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Marisa Scheinfeld, Echos of the Borscht Belt, Artist Talk & Reception @ Valley Variety, Hudson NY

Valley Variety is pleased to present Echoes of the Borscht Belt, a series of photographs by Marisa Scheinfeld.

Please join us on Saturday, December 12, 5:30-8:30pm for an Artist Talk and Reception. In addition to speaking about her process, Scheinfeld will share her personal collection of memorabilia from the region’s glory days—postcards, menus, hotel ashtrays and matchbooks—as well as images from her “re-photographic” series, in which she used vintage promotional shots of the resorts as inspiration for new photos showing the same
settings as they look now.

Guests will be treated to a tasty selection of Eastern European inspired dishes along with wines thoughtfully selected by Hudson Wine Merchants. Tickets are $25 per person. Space is limited. It is recommended to reserve in advance at Valley Variety or online at

Indoor Pool, Grossinger’s

Indoor Pool, Grossinger’s

From the 1920s through the 1960s, the Catskill Mountains were a popular vacation destination for millions of Americans, many of them Jews. The resorts of Sullivan and Ulster County, often referred to as the Borscht Belt, combined family-oriented activities with nighttime entertainment, especially stand-up comedy, in the region’s theaters and showrooms. At its peak during the post-WW II era, the region sustained more than 1,000 resorts and hotels and over 800 bungalow colonies.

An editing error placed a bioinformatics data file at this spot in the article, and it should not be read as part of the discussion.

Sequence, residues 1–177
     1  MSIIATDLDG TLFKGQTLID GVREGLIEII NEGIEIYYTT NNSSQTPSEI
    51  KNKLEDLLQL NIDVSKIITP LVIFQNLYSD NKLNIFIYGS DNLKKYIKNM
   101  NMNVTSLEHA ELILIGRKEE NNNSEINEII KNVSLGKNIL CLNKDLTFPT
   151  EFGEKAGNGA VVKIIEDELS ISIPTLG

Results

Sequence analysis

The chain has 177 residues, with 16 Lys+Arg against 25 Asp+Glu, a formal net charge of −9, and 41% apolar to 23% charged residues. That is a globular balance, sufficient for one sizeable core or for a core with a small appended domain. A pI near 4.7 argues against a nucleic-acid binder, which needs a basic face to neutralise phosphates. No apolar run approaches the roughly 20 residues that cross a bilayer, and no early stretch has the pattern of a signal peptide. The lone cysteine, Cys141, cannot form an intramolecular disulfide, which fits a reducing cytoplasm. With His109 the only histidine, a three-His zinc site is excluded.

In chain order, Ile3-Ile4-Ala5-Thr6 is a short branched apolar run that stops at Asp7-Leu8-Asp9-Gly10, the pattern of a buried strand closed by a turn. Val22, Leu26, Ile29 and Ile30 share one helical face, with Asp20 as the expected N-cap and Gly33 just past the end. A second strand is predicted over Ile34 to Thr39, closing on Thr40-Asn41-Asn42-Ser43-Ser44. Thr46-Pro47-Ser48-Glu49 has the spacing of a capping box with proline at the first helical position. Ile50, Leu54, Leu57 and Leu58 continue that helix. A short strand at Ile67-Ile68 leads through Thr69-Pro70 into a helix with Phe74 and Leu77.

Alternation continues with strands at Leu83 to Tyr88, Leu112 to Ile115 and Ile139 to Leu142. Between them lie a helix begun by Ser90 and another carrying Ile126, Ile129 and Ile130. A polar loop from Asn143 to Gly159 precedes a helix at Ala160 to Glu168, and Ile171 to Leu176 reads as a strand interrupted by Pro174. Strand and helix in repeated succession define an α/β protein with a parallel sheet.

Growing up in Sullivan County, Scheinfeld visited the area’s resorts many times throughout her childhood. In 2010, she returned to the area to start her documentary photo project. “I feel a strong connection to the region and, as a photographer, I felt inclined to document its history, decline and what has come of it. I was drawn to the hotels because of their rich history but found unexpected beauty in their current, changing landscape.”

Echoes of the Borscht Belt presents a survey of this former era while reflecting upon the transformations of time on the built environment. The photographs show the structures, abandoned and forgotten within the mountainous landscape of their former pasts, lying in a state of exquisite and captivating entropy. In September of 2016, Cornell University Press will publish a monograph of Scheinfeld’s photographs on the Borscht Belt.